As this book explains, the Internet was built without any way of knowing who you are connecting to. This is now universally recognized as an architectural flaw. It is as nonsensical as a house without a door or plumbing. Attempts to compensate for flaws in architecture usually turn out to be messy, expensive, and unsatisfying. This has certainly been the case with the missing identity layer of the Internet.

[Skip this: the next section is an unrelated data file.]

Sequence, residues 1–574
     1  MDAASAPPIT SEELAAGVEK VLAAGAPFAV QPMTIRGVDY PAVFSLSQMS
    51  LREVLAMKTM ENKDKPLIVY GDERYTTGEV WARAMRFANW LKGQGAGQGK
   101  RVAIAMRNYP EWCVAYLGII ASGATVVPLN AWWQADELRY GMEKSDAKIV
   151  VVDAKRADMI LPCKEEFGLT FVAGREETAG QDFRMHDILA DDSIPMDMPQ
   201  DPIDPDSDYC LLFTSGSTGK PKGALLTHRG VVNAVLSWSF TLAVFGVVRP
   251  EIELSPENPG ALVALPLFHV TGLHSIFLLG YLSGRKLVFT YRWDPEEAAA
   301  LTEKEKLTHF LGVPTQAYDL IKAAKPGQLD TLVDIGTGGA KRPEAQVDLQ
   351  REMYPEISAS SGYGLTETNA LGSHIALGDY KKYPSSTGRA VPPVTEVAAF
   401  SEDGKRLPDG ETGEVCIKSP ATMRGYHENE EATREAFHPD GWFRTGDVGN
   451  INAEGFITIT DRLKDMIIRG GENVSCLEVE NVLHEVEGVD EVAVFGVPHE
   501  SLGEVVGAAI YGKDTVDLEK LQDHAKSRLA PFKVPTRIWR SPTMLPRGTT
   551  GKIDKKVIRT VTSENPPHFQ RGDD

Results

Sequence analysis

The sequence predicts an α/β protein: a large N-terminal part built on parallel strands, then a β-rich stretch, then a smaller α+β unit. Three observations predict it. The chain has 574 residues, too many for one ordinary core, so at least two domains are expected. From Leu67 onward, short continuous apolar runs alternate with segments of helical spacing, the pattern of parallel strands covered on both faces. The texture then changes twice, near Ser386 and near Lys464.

However, while it is fairly easy to get people to recognize the flaws in the present system, getting the whole world to agree on a new Internet identity architecture is a daunting task. It means a lot of people with different backgrounds have to think hard about some pretty deep issues and breach many of the usual divides. It also ...

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